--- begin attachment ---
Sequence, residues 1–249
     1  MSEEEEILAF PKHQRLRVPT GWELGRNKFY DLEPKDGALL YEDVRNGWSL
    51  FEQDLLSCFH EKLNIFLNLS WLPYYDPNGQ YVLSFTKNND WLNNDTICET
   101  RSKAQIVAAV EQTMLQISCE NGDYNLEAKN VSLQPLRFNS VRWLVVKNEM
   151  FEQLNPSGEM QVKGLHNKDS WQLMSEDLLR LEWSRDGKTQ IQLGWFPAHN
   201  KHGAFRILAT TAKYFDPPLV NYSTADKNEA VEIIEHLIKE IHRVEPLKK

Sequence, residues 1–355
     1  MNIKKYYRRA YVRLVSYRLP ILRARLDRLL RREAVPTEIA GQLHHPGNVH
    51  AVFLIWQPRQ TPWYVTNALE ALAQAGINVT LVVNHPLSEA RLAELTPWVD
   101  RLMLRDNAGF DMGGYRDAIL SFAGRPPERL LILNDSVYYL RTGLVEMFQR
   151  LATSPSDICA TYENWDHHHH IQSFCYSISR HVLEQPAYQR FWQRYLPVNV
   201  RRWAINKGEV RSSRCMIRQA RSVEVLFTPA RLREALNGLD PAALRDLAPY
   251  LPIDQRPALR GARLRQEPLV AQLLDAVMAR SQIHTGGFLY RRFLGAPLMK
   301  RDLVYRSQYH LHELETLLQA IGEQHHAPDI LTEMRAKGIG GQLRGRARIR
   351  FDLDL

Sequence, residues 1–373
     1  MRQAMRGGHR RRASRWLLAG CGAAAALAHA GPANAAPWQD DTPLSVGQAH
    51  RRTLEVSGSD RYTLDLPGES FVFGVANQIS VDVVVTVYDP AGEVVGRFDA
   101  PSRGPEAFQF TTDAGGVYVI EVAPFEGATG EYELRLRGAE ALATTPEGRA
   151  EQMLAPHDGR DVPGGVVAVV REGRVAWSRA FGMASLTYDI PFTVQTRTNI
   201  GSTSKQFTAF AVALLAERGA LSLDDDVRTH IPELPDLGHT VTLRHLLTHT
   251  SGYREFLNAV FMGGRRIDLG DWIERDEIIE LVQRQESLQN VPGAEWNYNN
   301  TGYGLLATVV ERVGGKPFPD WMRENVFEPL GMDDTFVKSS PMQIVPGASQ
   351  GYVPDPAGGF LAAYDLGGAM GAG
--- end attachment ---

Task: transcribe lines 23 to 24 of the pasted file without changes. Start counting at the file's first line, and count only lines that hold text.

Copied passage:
   301  TGYGLLATVV ERVGGKPFPD WMRENVFEPL GMDDTFVKSS PMQIVPGASQ
   351  GYVPDPAGGF LAAYDLGGAM GAG